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7 Things MBA Admissions Deans Want to See in Your Application

It’s harder than ever before to get into business school, and the competition is getting younger. Universities are now conferring 74 percent more MBA degrees than in 2000, and more millennials are opting for graduate school in the hopes of gaining a competitive edge in a tough job market. So, if you’re applying to an MBA program, how do you make your application stand out? According to admissions deans, by being your best self.

“It sounds obvious, but many applicants get tripped up trying to get inside our heads,” says Bruce DelMonico, assistant dean and director of admissions at Yale School of Management. “Don’t out-think yourself. Tell us about what you care about, not what you think we want to hear.”

Here are seven specific things business school deans say they do want to see from MBA candidates:

Sincerity and Preparation

Many business school deans cite a lack of attention to detail as the reason an application gets tossed in the “no” pile. Donald C. Martin, author of the book Roadmap for Graduate Study and former dean of admissions at the University of Chicago Booth School of Business, says that on many occasions he would read an essay that was prepared for, say, Dartmouth College’s Tuck School of Business, but was mistakenly sent to him at Booth.

“The applicant would stress that ‘Tuck’ was his or her ‘first choice,’” Martin says. “Sometimes my outwardly vocal response was a good laugh. However, my regular unspoken response was: ‘I hope you get into that program, because you won’t get into mine.’”

Motivation and Passion

It’s quickly evident to deans of admissions which students have done their homework on a program, are taking the interview seriously, and know the expectations schools set with their students about where that particular MBA program can take them as an individual, and which components of that particular program interest to them.

“It’s gratifying to meet with someone who’s sincerely passionate about our institution and our programs,” says Sharon Hill, assistant dean and director of graduate admissions at Bentley University. “Students clearly apply to more than one institution but the ones who impress me are the candidates who are truly taking the time to see whether our program is right them and us.”

Self-Awareness and Humility

Along with a decreasing median age among MBA applicants, many MBA deans of admission are also noticing a decreasing lack of respect for the process. Infusing the MBA application process with braggadocio rather than using it as an opportunity to professionally display your accomplishments or business acumen will often backfire on candidates, as well.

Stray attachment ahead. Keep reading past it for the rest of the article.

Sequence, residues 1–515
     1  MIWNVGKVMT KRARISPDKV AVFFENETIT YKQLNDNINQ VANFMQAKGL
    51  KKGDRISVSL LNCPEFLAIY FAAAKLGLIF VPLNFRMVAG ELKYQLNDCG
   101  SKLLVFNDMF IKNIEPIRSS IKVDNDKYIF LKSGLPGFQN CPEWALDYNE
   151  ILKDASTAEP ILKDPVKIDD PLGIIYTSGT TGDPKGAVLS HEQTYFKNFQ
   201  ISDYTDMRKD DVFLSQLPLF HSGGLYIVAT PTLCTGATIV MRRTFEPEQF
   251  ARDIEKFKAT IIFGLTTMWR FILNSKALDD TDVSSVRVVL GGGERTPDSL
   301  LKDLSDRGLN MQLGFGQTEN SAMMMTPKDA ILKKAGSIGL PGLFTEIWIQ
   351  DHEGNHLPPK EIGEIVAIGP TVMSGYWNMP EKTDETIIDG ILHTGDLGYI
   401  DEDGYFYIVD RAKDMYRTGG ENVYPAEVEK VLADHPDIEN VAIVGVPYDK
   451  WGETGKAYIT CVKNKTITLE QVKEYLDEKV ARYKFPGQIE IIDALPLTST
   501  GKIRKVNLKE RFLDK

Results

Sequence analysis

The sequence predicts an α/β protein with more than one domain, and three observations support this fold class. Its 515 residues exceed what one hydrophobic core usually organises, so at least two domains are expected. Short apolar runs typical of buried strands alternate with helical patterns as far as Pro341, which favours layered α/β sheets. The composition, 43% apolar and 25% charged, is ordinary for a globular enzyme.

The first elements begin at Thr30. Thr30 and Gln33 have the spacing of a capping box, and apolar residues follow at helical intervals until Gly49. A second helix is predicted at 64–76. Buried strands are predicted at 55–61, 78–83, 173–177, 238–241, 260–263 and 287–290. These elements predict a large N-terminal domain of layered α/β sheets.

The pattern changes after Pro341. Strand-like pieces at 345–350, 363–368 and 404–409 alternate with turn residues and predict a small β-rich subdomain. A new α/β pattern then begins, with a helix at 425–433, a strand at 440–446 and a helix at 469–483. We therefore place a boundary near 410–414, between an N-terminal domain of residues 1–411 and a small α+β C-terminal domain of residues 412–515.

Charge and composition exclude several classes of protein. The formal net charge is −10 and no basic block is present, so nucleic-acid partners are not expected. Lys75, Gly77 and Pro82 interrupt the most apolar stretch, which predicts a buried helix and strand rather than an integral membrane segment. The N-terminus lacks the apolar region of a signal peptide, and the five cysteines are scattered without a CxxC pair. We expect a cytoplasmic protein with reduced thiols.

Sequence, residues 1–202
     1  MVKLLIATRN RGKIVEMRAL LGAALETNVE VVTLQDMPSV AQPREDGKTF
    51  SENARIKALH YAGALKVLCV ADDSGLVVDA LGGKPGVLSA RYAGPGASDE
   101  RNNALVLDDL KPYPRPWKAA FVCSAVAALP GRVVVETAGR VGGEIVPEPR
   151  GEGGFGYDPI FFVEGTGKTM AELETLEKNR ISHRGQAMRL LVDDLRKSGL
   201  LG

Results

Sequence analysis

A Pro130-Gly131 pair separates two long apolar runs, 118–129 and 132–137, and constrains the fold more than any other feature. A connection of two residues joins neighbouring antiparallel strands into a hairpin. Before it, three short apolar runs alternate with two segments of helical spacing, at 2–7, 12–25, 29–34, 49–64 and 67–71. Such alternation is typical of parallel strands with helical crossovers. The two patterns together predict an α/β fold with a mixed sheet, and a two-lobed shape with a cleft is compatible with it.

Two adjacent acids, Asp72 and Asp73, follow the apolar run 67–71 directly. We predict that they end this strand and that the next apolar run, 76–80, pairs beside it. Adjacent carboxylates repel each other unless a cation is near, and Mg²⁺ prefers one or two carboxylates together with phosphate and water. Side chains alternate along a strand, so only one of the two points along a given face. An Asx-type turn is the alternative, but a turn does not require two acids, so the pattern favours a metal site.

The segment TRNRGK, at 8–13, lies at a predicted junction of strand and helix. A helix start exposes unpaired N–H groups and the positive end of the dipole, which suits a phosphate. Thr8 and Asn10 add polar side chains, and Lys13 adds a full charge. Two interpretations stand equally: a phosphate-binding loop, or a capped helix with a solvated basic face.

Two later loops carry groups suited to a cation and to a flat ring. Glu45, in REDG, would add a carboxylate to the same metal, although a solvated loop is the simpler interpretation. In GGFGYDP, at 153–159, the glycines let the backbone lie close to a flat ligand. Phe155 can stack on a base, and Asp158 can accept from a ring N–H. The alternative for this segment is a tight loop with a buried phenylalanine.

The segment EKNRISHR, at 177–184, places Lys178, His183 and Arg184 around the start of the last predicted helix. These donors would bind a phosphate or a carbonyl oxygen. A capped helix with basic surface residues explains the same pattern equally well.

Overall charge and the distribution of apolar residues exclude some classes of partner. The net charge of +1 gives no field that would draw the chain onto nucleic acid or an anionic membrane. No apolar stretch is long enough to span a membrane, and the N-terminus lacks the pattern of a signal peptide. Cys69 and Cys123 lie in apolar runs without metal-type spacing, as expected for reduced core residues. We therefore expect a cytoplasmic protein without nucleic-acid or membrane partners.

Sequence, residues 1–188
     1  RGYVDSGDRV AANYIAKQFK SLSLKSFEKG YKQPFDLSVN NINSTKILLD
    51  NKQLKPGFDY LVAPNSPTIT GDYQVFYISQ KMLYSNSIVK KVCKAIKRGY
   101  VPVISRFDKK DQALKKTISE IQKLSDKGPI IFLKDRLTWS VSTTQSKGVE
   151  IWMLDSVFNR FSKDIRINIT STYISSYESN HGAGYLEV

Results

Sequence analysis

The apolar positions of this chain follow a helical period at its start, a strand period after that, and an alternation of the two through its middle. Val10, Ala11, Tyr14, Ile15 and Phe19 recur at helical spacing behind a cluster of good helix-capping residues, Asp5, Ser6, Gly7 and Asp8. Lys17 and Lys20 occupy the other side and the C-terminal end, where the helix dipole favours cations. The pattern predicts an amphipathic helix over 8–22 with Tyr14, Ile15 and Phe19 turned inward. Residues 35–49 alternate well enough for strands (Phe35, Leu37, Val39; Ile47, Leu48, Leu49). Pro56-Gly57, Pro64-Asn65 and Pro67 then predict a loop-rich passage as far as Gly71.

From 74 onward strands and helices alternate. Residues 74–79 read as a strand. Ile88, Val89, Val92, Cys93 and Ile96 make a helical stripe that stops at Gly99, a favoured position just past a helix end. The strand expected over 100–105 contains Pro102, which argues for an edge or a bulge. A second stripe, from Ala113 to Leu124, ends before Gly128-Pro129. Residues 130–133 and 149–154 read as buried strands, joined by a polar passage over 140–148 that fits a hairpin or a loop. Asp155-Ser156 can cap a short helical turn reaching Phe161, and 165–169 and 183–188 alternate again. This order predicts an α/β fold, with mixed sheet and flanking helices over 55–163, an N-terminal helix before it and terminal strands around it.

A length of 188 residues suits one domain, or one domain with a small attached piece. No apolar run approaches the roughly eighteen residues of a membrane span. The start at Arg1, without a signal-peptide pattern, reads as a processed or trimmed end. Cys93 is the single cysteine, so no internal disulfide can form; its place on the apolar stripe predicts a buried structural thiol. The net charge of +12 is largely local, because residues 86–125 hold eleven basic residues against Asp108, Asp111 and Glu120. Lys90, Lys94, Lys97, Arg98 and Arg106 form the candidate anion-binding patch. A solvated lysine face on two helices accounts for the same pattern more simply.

“It’s amazing to me how many candidates, once they get accepted into a program, will continuously try to re-negotiate the terms of their admission offer,” says Bentley’s Hill. “Candidates don’t realize that can be a negative reflection of the candidate. It’s not showing how aggressive you can be in business or what a good negotiator you are; it can actually appear arrogant and makes us question whether the student really wants to be part of our community or is just looking for a better deal regardless of the school.”

Candidates, even those with perfect test scores or successful business backgrounds, would be well served to display some humility when applying to MBA programs.

“There’s no such thing as a perfect applicant,” says Bruce DelMonico at Yale. “Everyone has weaknesses. We’ll see them, so you’re better off acknowledging them and incorporating them into your application than hoping we’ll miss them.”

Diversity

Executive boardrooms have long been scrutinized for their lack of women, minorities, and socioeconomic representation. Today, it’s the mission of many deans to not only be the bridge to that change, but to make sure their classrooms optimize learning potential for their students by bringing together a brightly varied mix of perspectives.

“There’s no cookie-cutter profile that makes a perfect candidate for our program — in fact, the more diverse a person, the better,” says Hill. “Candidates should take the time to look at what the current profile of a particular school’s MBA student looks like and ask themselves, ‘How do I set myself apart?’ Traditional diversity, geographic diversity, cultural diversity, diversity of educational backgrounds are all important, and are sought after by admissions deans because they can make the classroom experience much richer for all of the MBA students in their program.”